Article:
So where can you go with this thing? Well, in my personal experience, as long as the near vertical dirt wall/rock is taller than a foot or two, I could get up it...and as long as it wasn't too skinny for this wide machine, I really could get it in and out of any place I dared. Now of course there were definitely things like small ravines and tight singletrack I didn't dive into, but those were obvious no-go options. But at the same time, there are plenty of things I dove off into that scared the crap out of me...but it made it. Even when I had to get back out of these spots. The power is extremely torquey and so easy to use off-road. It has more than enough of course, when you take into account the 998cc parallel twin engine, but at the same time it's easier to use in the dirt than you'd think. Really, I found the more I stood on the bike, blipped the throttle aggressively and just let it get a bit loose like a normal dirt bike, the more success in the dirt I had. Just in the riding spots I've taken it that I've also taken a normal dirtbike, I'd say I went to about 60-80% of the same areas, depending on where I went. More than enough to have a great time. Especially when I could jump back on the highway and run 85-90mph for two hours to another awesome spot.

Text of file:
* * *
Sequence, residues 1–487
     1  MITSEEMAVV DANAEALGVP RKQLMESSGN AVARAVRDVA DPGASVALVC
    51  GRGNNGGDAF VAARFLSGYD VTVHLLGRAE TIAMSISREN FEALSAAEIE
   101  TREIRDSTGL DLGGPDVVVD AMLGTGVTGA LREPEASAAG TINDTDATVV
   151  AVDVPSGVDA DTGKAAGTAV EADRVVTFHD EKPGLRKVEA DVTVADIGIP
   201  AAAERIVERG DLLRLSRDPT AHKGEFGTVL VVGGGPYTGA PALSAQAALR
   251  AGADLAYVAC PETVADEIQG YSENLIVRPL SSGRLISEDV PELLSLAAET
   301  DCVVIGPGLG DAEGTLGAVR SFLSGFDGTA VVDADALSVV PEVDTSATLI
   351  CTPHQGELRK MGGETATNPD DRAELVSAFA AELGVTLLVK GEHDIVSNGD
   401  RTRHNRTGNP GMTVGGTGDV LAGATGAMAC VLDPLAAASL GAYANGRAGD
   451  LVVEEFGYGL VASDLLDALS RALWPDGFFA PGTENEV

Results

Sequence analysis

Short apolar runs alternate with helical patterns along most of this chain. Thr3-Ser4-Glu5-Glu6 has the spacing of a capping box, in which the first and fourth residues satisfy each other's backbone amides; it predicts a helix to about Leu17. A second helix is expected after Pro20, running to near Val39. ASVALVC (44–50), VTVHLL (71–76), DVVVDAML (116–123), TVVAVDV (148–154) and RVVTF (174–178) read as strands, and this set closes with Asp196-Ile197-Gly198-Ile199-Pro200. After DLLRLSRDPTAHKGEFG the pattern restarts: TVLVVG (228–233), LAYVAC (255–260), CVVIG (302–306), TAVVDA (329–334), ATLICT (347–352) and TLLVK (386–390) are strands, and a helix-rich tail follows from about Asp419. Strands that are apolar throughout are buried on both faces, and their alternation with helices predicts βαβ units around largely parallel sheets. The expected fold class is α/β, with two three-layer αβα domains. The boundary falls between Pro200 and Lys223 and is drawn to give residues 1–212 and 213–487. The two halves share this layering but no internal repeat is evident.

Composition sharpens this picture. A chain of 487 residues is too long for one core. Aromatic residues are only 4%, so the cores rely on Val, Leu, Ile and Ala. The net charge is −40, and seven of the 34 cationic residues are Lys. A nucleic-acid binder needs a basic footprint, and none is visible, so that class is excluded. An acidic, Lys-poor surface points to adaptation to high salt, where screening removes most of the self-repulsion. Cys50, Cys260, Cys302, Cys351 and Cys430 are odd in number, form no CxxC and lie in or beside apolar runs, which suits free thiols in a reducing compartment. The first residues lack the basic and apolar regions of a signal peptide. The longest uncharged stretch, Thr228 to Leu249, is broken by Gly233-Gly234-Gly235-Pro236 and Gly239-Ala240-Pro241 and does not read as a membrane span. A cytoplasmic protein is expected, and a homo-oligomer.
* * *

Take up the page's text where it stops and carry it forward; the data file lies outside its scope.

Now would a dual-sport bike do a bit better in these areas? Sure, I could go a bit crazier on a good, light dual-sport, but I also wouldn't ride a dual-sport bike ten hours each way up the coast to San Francisco and back. Well I could, but it wouldn't be comfortabl. But on the Africa Twin I could do it and it would be quite comfortable. In the end, that's what I loved about this bike...I could go really about anywhere that wasn't clinically insane to try and do it comfortably.